In 2020, a partnership between Indiana University School of Medicine and Eli Lilly and Company was created to collaborate in specific areas of scientific development. Leaders of this effort say the progress so far from the five year, $5 million collaboration is a good sign for potential expansion in the future.
“The scientific collaboration between IU School of Medicine and Lilly has achieved more than we anticipated at this stage,” said Adrienne Takacs, PhD., the alliance leader for the partnership who is an adjunct clinical assistant professor of medicine at IU School of Medicine. “Feedback has been positive and we hope the collaboration continues for many years to come.”
The purpose of the arrangement was to gain an understanding of the molecular and cellular changes in patients after the use of some of Lilly’s currently marketed autoimmune therapies as they are being developed for the potential of new autoimmune diseases, including inflammatory bowel disease and psoriasis.
“The partnership provides a unique opportunity for the IU School of Medicine and the Regenstrief Institute researchers to collaborate with the scientists from Eli Lilly and Company on important information related to improving patient care generated with break-through medicines from their pipeline of novel therapeutics,” said Andrew Dahlem, PhD, who is a senior research professor of medicine and the Division of Clinical Pharmacology Chief at IU School of Medicine.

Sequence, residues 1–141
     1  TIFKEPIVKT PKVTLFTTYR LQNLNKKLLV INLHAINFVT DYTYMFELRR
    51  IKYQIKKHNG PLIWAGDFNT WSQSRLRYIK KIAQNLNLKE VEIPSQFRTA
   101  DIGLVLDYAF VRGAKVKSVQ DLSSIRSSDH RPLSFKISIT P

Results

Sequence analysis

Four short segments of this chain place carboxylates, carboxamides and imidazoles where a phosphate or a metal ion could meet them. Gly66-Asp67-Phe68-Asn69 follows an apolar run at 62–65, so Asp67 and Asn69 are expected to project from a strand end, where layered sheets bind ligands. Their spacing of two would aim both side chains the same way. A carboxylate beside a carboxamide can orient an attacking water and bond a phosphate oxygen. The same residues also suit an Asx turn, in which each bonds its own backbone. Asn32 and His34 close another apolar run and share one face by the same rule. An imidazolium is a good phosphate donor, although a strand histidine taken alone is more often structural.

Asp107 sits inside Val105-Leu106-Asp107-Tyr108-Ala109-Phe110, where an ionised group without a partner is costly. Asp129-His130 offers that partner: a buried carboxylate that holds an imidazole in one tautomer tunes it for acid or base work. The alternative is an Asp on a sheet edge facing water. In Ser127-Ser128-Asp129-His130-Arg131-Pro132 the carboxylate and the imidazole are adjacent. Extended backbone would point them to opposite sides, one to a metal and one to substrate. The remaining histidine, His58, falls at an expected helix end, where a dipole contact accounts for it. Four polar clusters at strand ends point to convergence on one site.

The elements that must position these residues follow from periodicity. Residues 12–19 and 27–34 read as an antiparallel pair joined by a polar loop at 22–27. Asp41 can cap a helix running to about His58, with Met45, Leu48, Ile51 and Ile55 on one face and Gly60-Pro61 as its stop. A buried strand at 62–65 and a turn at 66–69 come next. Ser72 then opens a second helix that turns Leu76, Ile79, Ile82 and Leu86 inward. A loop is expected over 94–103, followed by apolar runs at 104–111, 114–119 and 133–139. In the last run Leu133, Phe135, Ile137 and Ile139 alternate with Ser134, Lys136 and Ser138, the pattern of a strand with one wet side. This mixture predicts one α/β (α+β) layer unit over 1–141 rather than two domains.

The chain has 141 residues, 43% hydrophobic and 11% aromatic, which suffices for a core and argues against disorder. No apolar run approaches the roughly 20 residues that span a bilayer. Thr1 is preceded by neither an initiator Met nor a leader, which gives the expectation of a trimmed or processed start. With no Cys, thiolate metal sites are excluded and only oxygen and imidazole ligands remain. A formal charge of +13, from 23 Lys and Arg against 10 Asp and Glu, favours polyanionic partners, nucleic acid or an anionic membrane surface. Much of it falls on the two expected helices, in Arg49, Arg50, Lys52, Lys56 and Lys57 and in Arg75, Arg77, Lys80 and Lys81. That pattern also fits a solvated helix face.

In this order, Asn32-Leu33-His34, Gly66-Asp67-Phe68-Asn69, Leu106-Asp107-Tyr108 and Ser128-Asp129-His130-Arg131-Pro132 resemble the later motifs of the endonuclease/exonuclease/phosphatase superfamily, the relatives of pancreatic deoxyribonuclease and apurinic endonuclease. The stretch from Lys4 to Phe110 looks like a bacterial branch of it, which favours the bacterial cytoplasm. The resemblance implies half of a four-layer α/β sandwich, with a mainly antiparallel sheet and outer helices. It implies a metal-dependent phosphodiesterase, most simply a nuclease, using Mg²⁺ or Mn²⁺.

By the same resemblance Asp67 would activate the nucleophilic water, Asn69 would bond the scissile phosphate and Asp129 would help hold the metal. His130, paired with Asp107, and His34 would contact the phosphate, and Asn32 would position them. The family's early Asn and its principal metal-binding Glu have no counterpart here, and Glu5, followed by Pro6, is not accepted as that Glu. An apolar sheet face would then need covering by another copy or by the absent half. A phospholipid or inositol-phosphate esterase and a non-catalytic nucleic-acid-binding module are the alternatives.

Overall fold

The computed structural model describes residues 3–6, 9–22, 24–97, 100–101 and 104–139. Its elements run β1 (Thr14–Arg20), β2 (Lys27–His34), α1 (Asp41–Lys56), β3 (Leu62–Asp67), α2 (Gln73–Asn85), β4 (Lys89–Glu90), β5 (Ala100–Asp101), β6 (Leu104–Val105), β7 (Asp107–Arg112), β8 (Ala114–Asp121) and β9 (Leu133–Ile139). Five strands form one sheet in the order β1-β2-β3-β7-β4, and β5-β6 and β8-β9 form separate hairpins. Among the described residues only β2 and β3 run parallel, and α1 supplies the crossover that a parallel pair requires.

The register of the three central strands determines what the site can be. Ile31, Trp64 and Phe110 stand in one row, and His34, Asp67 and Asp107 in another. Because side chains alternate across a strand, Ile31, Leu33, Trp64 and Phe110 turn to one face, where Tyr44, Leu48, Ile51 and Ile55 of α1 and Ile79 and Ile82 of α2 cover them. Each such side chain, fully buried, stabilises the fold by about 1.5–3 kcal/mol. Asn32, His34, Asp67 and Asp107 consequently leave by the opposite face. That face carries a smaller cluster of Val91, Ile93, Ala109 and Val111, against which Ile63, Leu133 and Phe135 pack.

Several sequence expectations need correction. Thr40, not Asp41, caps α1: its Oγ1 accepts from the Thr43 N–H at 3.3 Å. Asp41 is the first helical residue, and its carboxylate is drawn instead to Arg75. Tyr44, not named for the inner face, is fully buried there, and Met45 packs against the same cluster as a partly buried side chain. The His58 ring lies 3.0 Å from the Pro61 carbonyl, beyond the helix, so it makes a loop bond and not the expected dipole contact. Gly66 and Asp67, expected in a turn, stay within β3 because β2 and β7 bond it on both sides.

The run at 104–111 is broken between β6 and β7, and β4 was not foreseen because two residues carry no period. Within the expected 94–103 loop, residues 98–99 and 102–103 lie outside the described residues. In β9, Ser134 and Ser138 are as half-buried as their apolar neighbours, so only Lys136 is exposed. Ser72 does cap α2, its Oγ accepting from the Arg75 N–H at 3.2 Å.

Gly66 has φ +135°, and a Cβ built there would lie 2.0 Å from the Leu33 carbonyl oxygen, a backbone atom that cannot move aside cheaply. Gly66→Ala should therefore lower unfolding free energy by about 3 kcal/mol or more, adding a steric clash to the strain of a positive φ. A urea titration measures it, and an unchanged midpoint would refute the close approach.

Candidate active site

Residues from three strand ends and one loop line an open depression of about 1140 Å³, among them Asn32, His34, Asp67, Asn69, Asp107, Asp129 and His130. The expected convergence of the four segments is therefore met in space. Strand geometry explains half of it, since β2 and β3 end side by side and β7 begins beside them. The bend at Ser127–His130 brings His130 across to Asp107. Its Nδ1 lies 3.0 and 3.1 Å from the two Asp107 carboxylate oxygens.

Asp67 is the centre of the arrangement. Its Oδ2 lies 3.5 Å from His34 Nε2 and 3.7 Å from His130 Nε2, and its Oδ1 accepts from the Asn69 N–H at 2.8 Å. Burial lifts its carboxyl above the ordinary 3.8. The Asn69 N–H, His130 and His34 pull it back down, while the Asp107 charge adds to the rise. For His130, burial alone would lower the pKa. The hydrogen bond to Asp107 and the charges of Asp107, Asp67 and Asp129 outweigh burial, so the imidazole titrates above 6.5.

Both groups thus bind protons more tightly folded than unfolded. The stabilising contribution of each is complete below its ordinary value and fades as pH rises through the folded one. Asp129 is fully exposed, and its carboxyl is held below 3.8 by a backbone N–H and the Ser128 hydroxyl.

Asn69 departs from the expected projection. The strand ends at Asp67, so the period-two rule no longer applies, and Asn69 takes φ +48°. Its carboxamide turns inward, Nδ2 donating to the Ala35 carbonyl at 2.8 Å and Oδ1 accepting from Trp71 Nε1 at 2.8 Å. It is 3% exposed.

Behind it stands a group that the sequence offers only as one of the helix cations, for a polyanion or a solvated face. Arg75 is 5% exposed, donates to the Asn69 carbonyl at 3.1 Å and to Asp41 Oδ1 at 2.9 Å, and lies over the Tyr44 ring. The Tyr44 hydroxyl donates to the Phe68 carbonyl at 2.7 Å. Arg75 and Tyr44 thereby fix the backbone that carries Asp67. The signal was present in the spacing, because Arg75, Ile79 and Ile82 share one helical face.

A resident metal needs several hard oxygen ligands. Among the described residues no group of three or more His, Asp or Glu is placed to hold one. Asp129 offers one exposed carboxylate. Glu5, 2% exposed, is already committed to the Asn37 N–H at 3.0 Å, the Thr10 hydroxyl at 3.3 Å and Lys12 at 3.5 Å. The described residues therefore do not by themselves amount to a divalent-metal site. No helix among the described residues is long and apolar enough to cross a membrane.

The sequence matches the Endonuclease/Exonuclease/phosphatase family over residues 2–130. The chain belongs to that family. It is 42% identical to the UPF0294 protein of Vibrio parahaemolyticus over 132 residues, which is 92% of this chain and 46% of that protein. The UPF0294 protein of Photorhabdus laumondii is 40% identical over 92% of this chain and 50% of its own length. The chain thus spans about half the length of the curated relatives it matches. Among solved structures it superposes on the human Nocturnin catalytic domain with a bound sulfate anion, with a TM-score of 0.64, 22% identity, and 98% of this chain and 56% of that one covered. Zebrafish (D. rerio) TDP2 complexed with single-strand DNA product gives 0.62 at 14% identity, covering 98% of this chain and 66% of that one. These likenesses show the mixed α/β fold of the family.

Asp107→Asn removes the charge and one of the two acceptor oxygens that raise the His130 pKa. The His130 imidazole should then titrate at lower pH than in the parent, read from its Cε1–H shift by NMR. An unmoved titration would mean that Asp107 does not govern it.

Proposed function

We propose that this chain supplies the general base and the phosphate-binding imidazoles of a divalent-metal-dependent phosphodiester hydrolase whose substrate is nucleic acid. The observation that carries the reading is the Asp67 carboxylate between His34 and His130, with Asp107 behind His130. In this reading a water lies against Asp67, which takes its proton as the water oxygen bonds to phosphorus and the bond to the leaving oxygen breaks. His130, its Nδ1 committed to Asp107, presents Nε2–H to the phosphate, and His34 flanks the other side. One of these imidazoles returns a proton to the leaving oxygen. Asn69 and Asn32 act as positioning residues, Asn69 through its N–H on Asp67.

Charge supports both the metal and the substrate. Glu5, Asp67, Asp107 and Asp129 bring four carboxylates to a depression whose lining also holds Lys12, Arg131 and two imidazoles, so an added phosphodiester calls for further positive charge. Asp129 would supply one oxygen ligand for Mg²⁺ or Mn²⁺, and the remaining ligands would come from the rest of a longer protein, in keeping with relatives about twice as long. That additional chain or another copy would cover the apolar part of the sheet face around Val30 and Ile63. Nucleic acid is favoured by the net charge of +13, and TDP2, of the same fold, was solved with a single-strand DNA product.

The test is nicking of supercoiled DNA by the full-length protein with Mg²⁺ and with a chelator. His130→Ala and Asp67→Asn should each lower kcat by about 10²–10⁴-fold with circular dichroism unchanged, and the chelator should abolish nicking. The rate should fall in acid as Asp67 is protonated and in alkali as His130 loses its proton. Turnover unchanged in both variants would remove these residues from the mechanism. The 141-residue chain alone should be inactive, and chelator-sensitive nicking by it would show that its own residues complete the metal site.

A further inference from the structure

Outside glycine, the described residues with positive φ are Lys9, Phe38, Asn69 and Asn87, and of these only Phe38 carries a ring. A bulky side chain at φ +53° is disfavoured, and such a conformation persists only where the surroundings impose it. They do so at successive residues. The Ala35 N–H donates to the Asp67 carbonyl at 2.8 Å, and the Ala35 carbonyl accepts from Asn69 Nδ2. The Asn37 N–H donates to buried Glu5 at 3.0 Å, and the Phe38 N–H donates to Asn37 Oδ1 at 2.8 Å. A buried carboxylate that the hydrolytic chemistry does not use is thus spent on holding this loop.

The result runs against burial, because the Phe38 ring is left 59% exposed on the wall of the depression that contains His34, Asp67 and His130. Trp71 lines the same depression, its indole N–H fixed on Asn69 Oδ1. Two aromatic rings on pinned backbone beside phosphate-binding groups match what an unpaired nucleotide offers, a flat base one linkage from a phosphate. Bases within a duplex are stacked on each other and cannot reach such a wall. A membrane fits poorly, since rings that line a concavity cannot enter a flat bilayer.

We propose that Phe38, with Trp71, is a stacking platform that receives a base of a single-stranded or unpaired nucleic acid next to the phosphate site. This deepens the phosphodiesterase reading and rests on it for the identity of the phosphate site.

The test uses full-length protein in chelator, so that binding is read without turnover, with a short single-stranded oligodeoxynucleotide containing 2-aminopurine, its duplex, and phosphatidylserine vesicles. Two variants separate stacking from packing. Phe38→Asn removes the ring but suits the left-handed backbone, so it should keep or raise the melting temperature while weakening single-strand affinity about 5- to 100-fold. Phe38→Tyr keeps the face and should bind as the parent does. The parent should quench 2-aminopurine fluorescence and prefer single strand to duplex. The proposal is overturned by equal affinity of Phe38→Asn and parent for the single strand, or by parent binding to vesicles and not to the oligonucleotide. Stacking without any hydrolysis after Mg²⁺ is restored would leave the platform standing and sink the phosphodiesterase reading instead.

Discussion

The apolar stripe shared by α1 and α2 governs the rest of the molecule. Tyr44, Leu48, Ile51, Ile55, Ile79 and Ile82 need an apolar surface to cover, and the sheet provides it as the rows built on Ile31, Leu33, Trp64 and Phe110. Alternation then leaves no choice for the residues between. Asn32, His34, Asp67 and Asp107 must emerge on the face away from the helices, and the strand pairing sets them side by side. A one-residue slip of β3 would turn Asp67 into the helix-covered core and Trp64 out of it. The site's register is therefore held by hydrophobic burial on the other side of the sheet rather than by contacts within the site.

Early on, the teams addressed a way to collaborate effectively on the topics of intellectual property (IP), description of governance, and performance. The partnership consists of two committees that each serve a valuable role in the production of scientific discovery.
The Joint Steering Committee sets the vision and guides the direction of each project in the partnership. The IU membership on this committee includes Jay Hess, MHSA, PhD, MD, Dahlem, Carmel Egan, PhD, and Sharon Moe, MD. The Lilly members include Jim McGill, MD, Gary Krishnan, PhD, and Joel Ott. Their duties are aligned and each works together to monitor the progress and results of each project including budget and deliverables
The Technical Steering Committee oversees the technical aspects of each research plan. This committee includes a subject matter expert – one principal investigator each from IU School of Medicine and Lilly. The Technical Steering Committee members bring new projects and proposals to the Joint Steering Committee members while making recommendations on the technical merit of each project. Another responsibility of the Technical Steering Committee is assessing progress on milestones on a quarterly basis and ensuring deliverables are provided with all the technical components.
Three projects have achieved noteworthy milestones since the partnership was established just over a year and a half ago. Some of their research has been presented at the American College of Gastroenterology and European Crohn's and Colitis Organisation, as well as being published in the Journal of Crohn’s and Colitis.